Volunteers in the city of Fallujah in Iraq have taken the initiative to provide new clothes for 165 orphaned children in the run-up to Eid.
Local activists, with financial support from philanthropists, have taken orphaned children to one of the main shopping centres in Fallujah during Eid, as part of a charitable campaign to provide 165 orphans in the city with new clothes.
Many of these children lost their parents during periods of violence, and their needs are both financial and emotional. One activist told reporters that the aim of the project is to “bring joy” to the orphans during Eid festivities, as well as simply ensuring that they have access to new clothes that they cannot afford.
In 2016, The United Nations had estimated that over 100,000 people had fled their homes in Fallujah during the attempts to reclaim the city from ISIS, which was the first city to come under ISIS control in Iraq in 2014.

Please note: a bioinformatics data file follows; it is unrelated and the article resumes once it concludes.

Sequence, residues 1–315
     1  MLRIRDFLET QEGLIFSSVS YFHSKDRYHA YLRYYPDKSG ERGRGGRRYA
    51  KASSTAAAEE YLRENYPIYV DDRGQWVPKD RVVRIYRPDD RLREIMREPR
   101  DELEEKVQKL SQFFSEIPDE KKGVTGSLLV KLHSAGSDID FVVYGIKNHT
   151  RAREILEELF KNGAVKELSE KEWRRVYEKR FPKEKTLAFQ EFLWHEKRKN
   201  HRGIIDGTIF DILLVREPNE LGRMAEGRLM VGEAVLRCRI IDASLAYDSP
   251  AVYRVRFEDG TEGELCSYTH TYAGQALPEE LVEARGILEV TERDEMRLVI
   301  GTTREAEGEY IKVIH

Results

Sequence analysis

Although ultimately successful in their efforts, charities on the ground in Fallujah continued to tell of heart-breaking stories of suffering endured by the children of the city.
In recent years, many of the children arriving at the refugee camps near Fallujah had witnessed public executions and lost loved ones in the fighting. In addition, many children remained unaccounted for, having been recruited by ISIS as soldiers when they were young boys of 14 or 15 – in many cases following their fathers into battle.
Following the defeat of ISIS, the UN announced $15m through the Central Emergency Response Fund to provide urgent life-saving assistance for displaced people in the area, an amount still lower than required in order to adequately respond to the humanitarian crisis.
More recently, NGOs have worked with mothers and children to help address the traumas of life under ISIS, widening access to education for young girls who were deprived of it during the war.
There is little doubt that this local project’s objective is two-fold: financial, in that there remains a shortfall in funding to help the children of Fallujah rebuild their lives, and psycho-social, spreading love and goodwill to children whose recent experiences have robbed them of an innocent childhood.